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Independence Day

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Tomorrow (November 11) will be celebrated in Poland as the centenary of independence. There are a bunch of reasons why this is problematic from a historian’s perspective, but I don’t want to be pedantic.

Ok, yes I do.

The emphasis on 1918 itself implies that there is some sort of sharp division between a time before (the “time of captivity” [czas niewoli], as it is often called) and the time after (independence). The distinction was by no means so sharp, and the eras on each side were by no means homogeneous.

Most obviously, in Galicia, Polish-speaking elites had been in charge for half a century, much to the consternation of Ukrainian national activists and peasants of all ethnicities. What changed after 1918 was the linkage between Kraków and Warsaw and Poznan, not the on-the-ground power dynamics in Galicia itself.

Moreover, the “time of captivity” was extraordinarily heterogeneous, and only a nationalist ideology manages to blend it into a bitter smoothie of oppression. There were clear spatial and chronological variations in the degree to which Poles were oppressed. For example, Russian efforts to suppress the Polish language were instituted only after the 1863 uprising, and they were applied inconsistently for a while before being abandoned altogether. In some contexts that russification was severe and painful, particularly for the educational system in the 1870s and 1880s. But commerce, publishing, journalism, theater, and most of the broadly defined “public sphere” was never russified at all. In Germany the discrimination against the Polish language was much more systematic and effective, but here too we are dealing with at most a few decades in the late 19th century.

For much of the “time of captivity,” most of the Polish peasants were either serfs or only nominally free sharecroppers. Since the national movement was dominated by the nobles, the emancipatory potential of that movement for the peasants was always in doubt. To be sure, the left wing of the nationalist movement wanted to put an end to serfdom and (later) enact meaningful land reform, but they repeatedly came up against an irresolvable dilemma: the more they pushed their social agenda, the less backing they got from their natural base of support among the nobles, yet if they abandoned the serfs altogether they could never create a mass movement. This single factor was probably the most important reason why the national movement could never succeed, until Russia, Germany, and Austria-Hungary collapsed of their own accord.

Moving to the date of November 11 itself, what exactly are we celebrating?  Several independent Polands had been declared in the weeks leading up to that date, most significantly in Lublin during the night from November 6-7, 1918.  The creation then of the “Provisional People’s Government of the Polish Republic” embodied both the revolutionary mood of that tumultuous year, alongside the goal of national independence.  It included members from all the major centrist and leftist political parties, excluding only a Bolshevik-backed group to the left and the antisemitic National Democratic Party on the right. For years to come, many would mark the 7th as the date of Polish independence, and it was only Józef Piłsudski’s seizure of power in 1926 that began the process of solidifying the 11th as the moment of commemoration. In fact, only in 1937 did the 11th became an official national holiday. Ironically, the specific event it marks is the transfer of power from the three men who constituted the German-appointed “Regency Council” to Piłsudski, who then claimed for himself the title of “Commander in Chief” [Naczelny Wódz]. One could say, therefore, that November 11 marks the date when two aristocrats and an archbishop gave full authority to a soldier, thereby scuttling the efforts of a broad coalition of center and center-left political parties.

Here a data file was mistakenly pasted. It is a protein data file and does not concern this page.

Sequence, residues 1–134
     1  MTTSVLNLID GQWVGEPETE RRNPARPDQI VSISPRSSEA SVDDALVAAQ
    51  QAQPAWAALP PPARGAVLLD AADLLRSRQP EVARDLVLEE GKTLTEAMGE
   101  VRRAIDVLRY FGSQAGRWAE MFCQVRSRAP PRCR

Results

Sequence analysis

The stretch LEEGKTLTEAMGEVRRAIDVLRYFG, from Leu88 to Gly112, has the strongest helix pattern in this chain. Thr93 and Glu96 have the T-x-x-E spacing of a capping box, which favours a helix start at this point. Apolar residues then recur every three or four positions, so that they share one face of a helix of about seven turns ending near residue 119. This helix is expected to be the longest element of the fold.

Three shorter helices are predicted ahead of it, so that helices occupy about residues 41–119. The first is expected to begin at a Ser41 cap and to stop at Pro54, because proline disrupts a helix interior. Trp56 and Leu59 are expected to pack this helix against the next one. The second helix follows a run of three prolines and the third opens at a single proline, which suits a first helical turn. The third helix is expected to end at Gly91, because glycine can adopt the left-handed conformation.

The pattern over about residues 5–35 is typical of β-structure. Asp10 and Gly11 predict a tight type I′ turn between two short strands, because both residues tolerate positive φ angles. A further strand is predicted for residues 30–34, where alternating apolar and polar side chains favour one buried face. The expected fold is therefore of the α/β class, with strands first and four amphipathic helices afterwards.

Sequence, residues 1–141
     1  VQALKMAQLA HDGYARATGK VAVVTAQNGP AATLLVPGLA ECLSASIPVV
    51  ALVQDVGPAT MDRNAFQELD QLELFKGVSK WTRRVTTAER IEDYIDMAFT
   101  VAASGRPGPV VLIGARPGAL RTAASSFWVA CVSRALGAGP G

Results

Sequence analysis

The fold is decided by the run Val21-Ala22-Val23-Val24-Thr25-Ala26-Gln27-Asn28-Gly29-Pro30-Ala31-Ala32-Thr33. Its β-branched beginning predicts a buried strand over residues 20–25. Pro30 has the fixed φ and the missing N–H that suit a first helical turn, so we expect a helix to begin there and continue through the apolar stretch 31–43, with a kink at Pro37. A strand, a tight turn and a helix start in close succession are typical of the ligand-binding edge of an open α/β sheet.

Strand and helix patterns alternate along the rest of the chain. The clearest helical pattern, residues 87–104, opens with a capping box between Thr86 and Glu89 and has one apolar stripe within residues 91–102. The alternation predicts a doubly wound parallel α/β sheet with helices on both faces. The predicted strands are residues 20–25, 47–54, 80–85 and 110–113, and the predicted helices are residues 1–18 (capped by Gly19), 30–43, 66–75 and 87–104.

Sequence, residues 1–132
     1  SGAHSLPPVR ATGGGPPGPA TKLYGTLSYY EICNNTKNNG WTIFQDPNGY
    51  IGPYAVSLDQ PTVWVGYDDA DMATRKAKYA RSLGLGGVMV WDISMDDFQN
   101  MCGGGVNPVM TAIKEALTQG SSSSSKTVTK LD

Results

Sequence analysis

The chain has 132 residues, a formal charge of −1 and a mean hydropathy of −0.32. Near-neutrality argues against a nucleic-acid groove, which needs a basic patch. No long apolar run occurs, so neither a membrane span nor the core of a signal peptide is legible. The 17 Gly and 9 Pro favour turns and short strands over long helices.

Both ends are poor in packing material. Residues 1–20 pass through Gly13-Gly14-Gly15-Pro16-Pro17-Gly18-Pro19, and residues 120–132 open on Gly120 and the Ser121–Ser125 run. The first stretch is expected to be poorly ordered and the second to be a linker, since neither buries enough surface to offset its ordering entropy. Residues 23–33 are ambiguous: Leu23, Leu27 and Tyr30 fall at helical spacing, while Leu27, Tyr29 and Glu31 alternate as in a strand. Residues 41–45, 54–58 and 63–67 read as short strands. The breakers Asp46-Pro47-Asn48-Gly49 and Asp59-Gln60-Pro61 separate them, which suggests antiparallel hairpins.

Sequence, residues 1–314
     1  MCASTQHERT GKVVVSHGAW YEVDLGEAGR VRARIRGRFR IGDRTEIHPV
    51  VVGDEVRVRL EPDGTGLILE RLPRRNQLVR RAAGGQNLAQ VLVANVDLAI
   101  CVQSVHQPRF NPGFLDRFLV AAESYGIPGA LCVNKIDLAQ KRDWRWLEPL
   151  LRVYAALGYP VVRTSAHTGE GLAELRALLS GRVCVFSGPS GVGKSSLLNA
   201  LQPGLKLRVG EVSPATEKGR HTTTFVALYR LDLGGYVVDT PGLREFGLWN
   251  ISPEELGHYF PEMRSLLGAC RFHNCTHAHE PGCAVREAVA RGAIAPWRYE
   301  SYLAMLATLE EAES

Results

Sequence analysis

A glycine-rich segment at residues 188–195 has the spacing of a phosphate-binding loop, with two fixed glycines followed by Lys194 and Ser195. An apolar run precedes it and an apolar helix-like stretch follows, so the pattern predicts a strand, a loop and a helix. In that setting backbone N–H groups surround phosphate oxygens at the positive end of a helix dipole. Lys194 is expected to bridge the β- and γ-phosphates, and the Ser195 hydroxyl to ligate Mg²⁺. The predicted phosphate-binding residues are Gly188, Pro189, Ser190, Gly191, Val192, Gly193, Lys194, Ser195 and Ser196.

Finally, if we look forward from 1918, we have to wonder whetherthis is truly a “centenary” of anything. The polity that emerged in 1918 onlylasted for two decades, followed by five years of occupation and war, followedby a new country, the Polish People’s Republic (Polska Rzeczypospolita Ludowa, or PRL), which renounced any ties tothe interwar Second Republic. The PRL came to an end in 1989, though supportersof the current Polish government have insisted that genuine independence onlycame to Poland in 2015, with their own rise to power.  So PiS supporters are celebrating 24 years ofindependence spread across the past century.  those on the center-right who associate with the Third Republic arecelebrating 50 years of independence, insofar as they don’t recognize the PRLas legitimate. By the most capacious understanding, including the communist era,we are celebrating just under 95 years of various forms of independence.

Of course I’m being flippant, but there’s a serious point here. Celebrating a centenary of independence on November 11, 2018, is not an ideologically neutral commemoration. It implies recognizing that 1918 marked a clear division between an oppressive time before and a period of liberty after. That’s certainly true for some (for example, women got the vote in 1918, albeit not on November 11), but not really for others (emancipation from serfdom meant vastly more in practical terms than a shift in political power to Warsaw from Petersburg, Kraków, and Berlin). Moreover, it implies a deliberate forgetting of the political divisions of 1918 itself, erasing some viable (at the time) alternatives in favor of the political camp around Józef Piłsudski.  Finally, it flattens the period since 1918 in a way that no one truly believes.

So with that in mind, Happy Independence Day!


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